Multiple Conditional Access policies might prompt users for their GPS location before all are applied. Because of the way Conditional Access policies are applied, a user might be denied access if they pass the location check but fail another policy. For more information about policy enforcement, see the article Building a Conditional Access policy.


Users may receive prompts every hour letting them know that Microsoft Entra ID is checking their location in the Authenticator app. The preview should only be used to protect very sensitive apps where this behavior is acceptable or where access needs to be restricted to a specific country/region.

Deny requests with modified location

Users can modify the location reported by iOS and Android devices. As a result, Microsoft Authenticator is updating its security baseline for location-based Conditional Access policies. Authenticator denies authentications where the user might be using a different location than the actual GPS location of the mobile device where Authenticator installed.

In the November 2023 release of Authenticator, users who modify the location of their device get a denial message in Authenticator when they try location-based authentication. Beginning January 2024, any users that run older Authenticator versions are blocked from location-based authentication:

  • Authenticator version 6.2309.6329 or earlier on Android
  • Authenticator version 6.7.16 or earlier on iOS

To find which users run older versions of Authenticator, use Microsoft Graph APIs.

Include unknown countries/regions

Some IP addresses don't map to a specific country or region. To capture these IP locations, check the box Include unknown countries/regions when defining a geographic location. This option allows you to choose if these IP addresses should be included in the named location. Use this setting when the policy using the named location should apply to unknown locations.

Configure MFA trusted IPs

You can also configure IP address ranges representing your organization's local intranet in the multifactor authentication service settings. This feature enables you to configure up to 50 IP address ranges. The IP address ranges are in CIDR format. For more information, see Trusted IPs.

If you have Trusted IPs configured, they show up as MFA Trusted IPs in the list of locations for the location condition.

Skipping multifactor authentication

On the multifactor authentication service settings page, you can identify corporate intranet users by selecting Skip multifactor authentication for requests from federated users on my intranet. This setting indicates that the inside corporate network claim, which is issued by AD FS, should be trusted and used to identify the user as being on the corporate network. For more information, see Enable the Trusted IPs feature by using Conditional Access.

After checking this option, including the named location MFA Trusted IPs will apply to any policies with this option selected.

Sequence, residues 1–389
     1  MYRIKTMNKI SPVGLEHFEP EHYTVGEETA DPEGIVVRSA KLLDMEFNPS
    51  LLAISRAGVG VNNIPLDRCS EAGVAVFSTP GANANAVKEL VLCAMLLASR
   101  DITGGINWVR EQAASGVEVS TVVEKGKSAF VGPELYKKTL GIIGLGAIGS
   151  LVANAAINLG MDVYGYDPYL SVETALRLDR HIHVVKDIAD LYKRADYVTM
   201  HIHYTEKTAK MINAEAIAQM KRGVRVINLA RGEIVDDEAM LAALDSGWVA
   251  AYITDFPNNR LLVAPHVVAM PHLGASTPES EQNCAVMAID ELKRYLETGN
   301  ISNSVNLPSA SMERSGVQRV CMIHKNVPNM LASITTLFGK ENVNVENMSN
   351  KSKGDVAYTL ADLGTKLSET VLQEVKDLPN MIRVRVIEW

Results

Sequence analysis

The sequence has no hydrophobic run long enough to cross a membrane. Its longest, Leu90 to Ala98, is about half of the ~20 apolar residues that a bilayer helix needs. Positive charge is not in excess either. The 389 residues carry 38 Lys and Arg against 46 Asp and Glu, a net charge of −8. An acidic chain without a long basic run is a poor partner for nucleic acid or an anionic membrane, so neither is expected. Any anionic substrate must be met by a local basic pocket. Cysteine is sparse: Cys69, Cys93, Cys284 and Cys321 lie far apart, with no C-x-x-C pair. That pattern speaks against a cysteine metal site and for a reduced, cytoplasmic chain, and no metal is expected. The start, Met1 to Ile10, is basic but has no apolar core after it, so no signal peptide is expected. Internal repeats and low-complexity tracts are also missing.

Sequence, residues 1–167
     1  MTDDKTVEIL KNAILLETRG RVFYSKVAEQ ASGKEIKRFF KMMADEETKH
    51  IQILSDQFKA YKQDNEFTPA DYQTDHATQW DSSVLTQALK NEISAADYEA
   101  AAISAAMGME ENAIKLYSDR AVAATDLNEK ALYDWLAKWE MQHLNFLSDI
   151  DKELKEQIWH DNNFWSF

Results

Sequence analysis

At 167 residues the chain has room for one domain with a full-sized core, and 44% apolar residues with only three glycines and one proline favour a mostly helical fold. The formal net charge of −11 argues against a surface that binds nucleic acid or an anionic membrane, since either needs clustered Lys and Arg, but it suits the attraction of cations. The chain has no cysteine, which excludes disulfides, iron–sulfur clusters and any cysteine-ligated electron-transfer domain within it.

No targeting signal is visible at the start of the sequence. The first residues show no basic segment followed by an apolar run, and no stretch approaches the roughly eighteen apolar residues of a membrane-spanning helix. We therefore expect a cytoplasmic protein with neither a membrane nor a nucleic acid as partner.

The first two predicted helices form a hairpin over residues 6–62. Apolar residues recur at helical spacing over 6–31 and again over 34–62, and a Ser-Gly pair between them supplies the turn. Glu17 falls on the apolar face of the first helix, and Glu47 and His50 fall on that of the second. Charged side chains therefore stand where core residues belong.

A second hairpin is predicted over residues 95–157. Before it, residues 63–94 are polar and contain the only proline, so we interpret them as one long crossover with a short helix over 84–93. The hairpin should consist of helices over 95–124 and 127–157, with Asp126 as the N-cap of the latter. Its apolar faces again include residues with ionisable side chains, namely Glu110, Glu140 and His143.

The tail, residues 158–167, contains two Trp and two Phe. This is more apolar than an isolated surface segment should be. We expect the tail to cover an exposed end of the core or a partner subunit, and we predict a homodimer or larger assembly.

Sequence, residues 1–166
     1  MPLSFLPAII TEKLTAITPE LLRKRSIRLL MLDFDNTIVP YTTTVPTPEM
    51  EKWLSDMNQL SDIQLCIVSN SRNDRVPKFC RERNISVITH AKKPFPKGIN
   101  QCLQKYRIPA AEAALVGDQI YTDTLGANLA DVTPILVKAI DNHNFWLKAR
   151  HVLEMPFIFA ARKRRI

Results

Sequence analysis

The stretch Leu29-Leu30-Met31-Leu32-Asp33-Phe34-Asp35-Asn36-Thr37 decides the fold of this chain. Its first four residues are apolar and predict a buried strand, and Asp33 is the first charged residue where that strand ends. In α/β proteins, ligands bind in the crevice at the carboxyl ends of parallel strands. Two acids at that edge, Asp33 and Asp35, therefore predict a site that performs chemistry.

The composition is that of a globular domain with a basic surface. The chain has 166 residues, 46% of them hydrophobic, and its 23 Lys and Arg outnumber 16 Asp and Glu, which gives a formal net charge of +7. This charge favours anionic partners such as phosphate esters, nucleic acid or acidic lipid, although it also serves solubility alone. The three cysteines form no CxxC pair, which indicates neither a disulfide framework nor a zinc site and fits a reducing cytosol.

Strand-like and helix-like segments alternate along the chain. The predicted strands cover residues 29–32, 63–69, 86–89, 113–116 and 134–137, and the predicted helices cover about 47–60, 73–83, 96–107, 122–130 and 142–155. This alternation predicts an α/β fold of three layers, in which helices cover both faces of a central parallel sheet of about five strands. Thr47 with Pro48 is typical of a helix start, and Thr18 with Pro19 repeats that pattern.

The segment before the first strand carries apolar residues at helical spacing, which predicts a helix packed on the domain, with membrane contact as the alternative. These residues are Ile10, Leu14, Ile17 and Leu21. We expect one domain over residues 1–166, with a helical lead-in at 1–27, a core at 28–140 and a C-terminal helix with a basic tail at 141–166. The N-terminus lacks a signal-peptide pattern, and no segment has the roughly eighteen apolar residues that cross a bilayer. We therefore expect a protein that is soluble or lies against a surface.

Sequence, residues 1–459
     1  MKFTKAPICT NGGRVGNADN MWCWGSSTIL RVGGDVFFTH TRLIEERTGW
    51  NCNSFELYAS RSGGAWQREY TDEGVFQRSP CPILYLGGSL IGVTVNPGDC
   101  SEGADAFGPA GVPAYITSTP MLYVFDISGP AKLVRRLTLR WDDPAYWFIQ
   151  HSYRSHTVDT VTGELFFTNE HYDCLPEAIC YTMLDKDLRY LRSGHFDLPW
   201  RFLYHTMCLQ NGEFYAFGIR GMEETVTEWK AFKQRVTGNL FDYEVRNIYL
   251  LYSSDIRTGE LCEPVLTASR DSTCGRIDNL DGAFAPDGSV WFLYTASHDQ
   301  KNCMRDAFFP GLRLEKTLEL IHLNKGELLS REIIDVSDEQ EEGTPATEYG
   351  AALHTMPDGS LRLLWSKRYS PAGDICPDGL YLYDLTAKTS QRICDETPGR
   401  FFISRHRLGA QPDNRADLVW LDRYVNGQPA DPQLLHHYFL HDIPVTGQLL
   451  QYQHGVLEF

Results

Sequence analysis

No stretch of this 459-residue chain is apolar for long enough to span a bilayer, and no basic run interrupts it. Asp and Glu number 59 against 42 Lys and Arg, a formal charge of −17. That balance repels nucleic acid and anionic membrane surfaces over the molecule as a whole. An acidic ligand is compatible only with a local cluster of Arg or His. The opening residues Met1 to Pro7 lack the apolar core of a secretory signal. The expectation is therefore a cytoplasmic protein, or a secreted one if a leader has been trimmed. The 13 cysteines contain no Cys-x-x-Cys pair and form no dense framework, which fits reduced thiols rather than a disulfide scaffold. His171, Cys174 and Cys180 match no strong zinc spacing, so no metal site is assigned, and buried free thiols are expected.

For mobile and desktop applications, which have long lived session lifetimes, Conditional Access is periodically reevaluated. The default is once an hour. When the inside corporate network claim is only issued at the time of the initial authentication, we might not have a list of trusted IP ranges. In this case, it's more difficult to determine if the user is still on the corporate network:

  1. Check if the user’s IP address is in one of the trusted IP ranges.
  2. Check whether the first three octets of the user’s IP address match the first three octets of the IP address of the initial authentication. The IP address is compared with the initial authentication when the inside corporate network claim was originally issued and the user location was validated.

If both steps fail, a user is considered to be no longer on a trusted IP.

Define locations

  1. Sign in to the Microsoft Entra admin center as at least a Conditional Access Administrator.
  2. Browse to Protection > Conditional Access > Named locations.
  3. Choose New location.
  4. Give your location a name.
  5. Choose IP ranges if you know the specific externally accessible IPv4 address ranges that make up that location or Countries/Regions.
    1. Provide the IP ranges or select the Countries/Regions for the location you're specifying.
      • If you choose Countries/Regions, you can optionally choose to include unknown areas.
  6. Choose Save

Location condition in policy

When you configure the location condition, you can distinguish between:

  • Any location
  • All trusted locations
  • All Compliant Network locations
  • Selected locations

Any location

By default, selecting Any location causes a policy to apply to all IP addresses, which means any address on the Internet. This setting isn't limited to IP addresses you've configured as named location. When you select Any location, you can still exclude specific locations from a policy. For example, you can apply a policy to all locations except trusted locations to set the scope to all locations, except the corporate network.

All trusted locations

This option applies to:

  • All locations marked as trusted locations.
  • MFA Trusted IPs, if configured.

Multifactor authentication trusted IPs

Using the trusted IPs section of multifactor authentication's service settings is no longer recommended. This control only accepts IPv4 addresses and should only be used for specific scenarios covered in the article Configure Microsoft Entra multifactor authentication settings

If you have these trusted IPs configured, they show up as MFA Trusted IPs in the list of locations for the location condition.

All Compliant Network locations

Organizations with access to Global Secure Access preview features have another location listed that is made up of users and devices that comply with your organization's security policies. For more information, see the section Enable Global Secure Access signaling for Conditional Access. It can be used with Conditional Access policies to perform a compliant network check for access to resources.